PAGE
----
Jordan gainford
Jordan Gainford celebrates with the Galway Plate after winning with Hewick on July 27 at the Galway Race Festival. The jockey and horse, trained by John Joseph "Shark" Hanlon, will race in the Grand National in Far Hills, N.J. tomorrow. [inpho/James Crombie]

New Jersey on 'Shark' alert

The New Jersey hamlet of Far Hills is situated some 50 miles from the Jersey shore but the bucolic municipality in Somerset County is on the alert for a shark attack on Saturday. The perpetrator in question is no other than John Joseph “Shark” Hanlon, who has entered Hewick in the Grand National, the feature of the seven-race card in the 101st edition of the Far Hills races. 

 The program, which will be set amidst a dramatic backdrop of fall foliage, has attracted a healthy contingent of horses, trainers and jockeys jetting across the Atlantic to make their mark on the highlight of the season among the steeplechase set. 

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John "Shark" Hanlon interviewed during the Galway Races in July. [Inpho/James Crombie]

 Hewick, a 7-year-old gelding owned by T.J. McDonald and bred in Ireland by William Quinn, is the fairytale story this year. Purchased for only €800, he was nurtured slowly at Hanlon’s yard in County Carlow. After 10 failures, Hewick finally broke his maiden two years ago at Kilbeggan. Since then, he has won six of 16 attempts, including the Galway Plate at the Galway races in July. Jockey Jordan Gainford is coming over for the ride, despite losing his seat on Hewick at the final fence in their most recent outing, three weeks ago at Listowel. 

 Hewick is the 3-1 second choice on the morning line in the Grand National. Among his eight rivals are the four top finishers in last month’s Lonesome Glory Handicap at Aqueduct. The winner that day, Noah and the Ark, is one of five other Irish-breds who will line up for the start. 

 The one to watch, however, will be Snap Decision, the Lonesome Glory second finisher which grinded through 20 furlongs while lugging 168 pounds. He conceded 28 pounds that day to Noah and the Ark, whereas they will (as will all the runners) carry equal weight of 156 pounds. Snap Decision was a close second to The Mean Queen in last year’s Grand National.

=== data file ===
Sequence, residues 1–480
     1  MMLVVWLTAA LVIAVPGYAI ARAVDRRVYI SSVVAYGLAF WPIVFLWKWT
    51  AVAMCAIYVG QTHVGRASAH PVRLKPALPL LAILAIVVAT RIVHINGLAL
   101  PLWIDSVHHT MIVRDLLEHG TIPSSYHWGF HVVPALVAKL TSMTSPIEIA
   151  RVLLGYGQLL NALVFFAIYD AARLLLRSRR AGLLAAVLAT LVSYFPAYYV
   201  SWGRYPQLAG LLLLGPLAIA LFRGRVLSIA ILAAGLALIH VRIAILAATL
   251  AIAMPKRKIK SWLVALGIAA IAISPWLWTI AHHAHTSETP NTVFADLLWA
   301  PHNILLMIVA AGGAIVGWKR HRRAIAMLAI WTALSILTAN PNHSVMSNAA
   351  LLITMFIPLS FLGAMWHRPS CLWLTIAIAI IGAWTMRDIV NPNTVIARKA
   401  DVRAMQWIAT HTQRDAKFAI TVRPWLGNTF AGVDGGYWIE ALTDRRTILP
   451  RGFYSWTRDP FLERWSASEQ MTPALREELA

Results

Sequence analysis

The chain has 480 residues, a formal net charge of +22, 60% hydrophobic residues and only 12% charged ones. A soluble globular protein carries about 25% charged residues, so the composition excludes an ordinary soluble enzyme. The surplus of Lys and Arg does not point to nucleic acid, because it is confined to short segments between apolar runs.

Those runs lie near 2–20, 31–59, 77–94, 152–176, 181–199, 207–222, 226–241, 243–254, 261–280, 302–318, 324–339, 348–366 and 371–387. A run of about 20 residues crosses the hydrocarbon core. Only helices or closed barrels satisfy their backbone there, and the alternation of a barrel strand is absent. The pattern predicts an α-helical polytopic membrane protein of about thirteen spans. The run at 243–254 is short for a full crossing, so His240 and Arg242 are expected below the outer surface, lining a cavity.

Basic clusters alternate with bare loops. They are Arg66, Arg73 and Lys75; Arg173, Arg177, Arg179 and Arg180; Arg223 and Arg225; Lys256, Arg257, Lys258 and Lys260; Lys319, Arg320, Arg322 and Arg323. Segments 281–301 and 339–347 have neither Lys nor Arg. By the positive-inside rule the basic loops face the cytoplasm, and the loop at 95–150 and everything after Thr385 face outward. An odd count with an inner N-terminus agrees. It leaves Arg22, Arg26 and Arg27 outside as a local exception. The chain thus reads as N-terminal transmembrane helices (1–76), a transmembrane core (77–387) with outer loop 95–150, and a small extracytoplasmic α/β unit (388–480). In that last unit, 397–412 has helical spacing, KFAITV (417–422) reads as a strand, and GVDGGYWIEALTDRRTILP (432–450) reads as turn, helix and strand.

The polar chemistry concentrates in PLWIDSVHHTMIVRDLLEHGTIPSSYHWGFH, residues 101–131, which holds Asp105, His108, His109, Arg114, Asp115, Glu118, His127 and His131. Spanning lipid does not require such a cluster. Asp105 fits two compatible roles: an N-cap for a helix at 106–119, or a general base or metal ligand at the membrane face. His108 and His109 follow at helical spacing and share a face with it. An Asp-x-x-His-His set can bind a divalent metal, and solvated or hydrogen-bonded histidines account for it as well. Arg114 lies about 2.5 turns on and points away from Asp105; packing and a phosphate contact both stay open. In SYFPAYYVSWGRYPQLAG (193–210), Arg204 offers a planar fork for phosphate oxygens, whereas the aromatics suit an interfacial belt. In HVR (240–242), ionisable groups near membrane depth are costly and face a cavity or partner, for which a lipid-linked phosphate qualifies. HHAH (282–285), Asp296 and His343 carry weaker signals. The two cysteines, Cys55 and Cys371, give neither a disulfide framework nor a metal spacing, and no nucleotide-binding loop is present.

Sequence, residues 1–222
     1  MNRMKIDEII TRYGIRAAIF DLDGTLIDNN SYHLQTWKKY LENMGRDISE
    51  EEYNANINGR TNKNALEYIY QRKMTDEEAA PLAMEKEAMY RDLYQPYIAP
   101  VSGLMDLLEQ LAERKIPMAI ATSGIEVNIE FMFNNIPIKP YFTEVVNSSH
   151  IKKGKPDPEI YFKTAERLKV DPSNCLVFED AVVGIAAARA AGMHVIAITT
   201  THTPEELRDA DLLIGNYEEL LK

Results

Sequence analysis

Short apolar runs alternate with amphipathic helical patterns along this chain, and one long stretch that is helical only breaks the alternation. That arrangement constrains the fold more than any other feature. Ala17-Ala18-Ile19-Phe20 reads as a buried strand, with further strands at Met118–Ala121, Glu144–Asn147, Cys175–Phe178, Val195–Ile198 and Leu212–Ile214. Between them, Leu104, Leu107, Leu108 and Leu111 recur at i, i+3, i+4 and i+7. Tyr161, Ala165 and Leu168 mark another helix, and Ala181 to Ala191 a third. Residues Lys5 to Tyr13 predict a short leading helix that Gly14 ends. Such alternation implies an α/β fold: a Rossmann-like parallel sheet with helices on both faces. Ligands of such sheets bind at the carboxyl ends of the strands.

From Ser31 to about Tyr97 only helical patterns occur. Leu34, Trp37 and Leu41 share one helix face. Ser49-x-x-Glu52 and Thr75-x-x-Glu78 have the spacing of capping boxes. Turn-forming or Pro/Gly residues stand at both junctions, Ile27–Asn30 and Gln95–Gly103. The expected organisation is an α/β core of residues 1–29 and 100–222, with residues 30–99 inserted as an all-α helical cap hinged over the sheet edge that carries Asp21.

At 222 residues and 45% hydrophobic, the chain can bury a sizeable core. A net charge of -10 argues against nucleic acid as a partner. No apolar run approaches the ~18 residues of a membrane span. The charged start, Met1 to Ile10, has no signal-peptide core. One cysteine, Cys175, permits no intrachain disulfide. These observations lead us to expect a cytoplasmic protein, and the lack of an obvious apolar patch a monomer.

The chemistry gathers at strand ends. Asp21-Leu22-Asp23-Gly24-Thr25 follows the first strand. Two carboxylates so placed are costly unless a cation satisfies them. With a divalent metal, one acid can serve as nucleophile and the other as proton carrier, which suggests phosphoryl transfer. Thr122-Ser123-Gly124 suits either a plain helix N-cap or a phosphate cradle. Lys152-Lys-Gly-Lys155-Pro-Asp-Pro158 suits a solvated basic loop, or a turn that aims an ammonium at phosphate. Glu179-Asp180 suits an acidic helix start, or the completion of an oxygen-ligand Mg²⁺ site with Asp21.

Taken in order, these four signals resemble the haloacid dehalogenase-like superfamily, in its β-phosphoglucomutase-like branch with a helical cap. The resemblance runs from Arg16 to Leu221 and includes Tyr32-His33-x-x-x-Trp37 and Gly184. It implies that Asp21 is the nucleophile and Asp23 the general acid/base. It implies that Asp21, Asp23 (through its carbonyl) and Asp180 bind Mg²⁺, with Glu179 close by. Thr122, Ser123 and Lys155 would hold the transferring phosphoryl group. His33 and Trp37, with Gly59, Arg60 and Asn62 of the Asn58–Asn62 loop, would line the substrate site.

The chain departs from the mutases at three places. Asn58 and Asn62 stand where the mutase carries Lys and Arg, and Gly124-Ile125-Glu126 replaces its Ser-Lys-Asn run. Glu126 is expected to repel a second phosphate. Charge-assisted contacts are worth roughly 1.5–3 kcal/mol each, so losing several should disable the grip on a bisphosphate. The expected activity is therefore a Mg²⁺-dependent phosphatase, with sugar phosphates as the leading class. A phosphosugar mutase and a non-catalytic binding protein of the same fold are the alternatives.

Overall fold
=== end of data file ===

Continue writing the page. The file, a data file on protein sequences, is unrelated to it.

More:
The other Irish-breds in the Grand National are Pistol Whipped, Global Citizen, Ask Paddington and Belfast Banter. Danny Mullins will try again on Ask Paddington after riding that one to a third-place finish in the Lonesome Glory, while Jamie Bargary will hope to show some of the lads from back home that he controls this turf on the back of Belfast Banter. The latter has some improving to do off a seventh-place finish in the Lonesome Glory. Irish trainer Cyril Murphy has twice won this race, in 2015 and 2016. 

Jamie Bargary. [Photo by Darrell Wood]

 Preceding the Grand National will be the John Forbes Memorial to be run at two miles over flat ground. This hundred grander has attracted 14 horses of varying accomplishment, including Augustin Stable’s Royne. Trainer Michael Dickinson has reached out to Fergal Lynch to ride the 4-year-old gelding, which should appreciate the distance. This will be the Derry jockey’s Far Hills debut. 

 Trainer Gordon Elliott returns wielding a triple threat, although he won’t have an interest in the Grand National, which he won in 2018 with Jury Duty. He will, however, depart from his County Meath yard with The Insider, slated to run in the Gladstone Hurdle, Ted Hastings in the Foxbrook Champion Hurdle and Soviet Pimpernel in the Appleton Hurdle. Davy Russell is named aboard all three Elliott runners. 

County Meath trainer Gordon Elliott. [Inpho/Tom Maher]

 Sean Flanagan rounds out the contingent of jockeys arriving from Ireland for Saturday’s races. He’s named to ride Booby Trap in the Foxbrook Champion Hurdle, Redicean in the Appleton Hurdle and Stolen Shoes in the nightcap, a maiden special weight over hurdles. Leslie Young trains all three.

 Along with Bargary, jockeys native to Ireland but based in America who will be on horseback include Bernie Dalton, Barry Foley, Gerard Galligan, Ross Geraghty and Sean McDermott. Nearly half – 24 – of the 58 horses entered in the seven races were bred in Ireland. 

Howyabud, Barry Foley up, on the inside, shown here nipping Decisive Triumph, Jamie Bargary up, at Saratoga in August. Howyabud will attempt to outrun that foe and four others in the Foxbrook Champion Hurdle at the Far Hills races on Saturday. [Photo by Susie Raisher]

 

 Information on attending the races, including directions, are available on the Internet at farhillsrace.org. Fox Sports 2 will provide television coverage on America’s Day at the Races. The first race from Far Hills has a 12:50 post time, with the Grand National expected to go off at 4:05 pm eastern time.  

 

 

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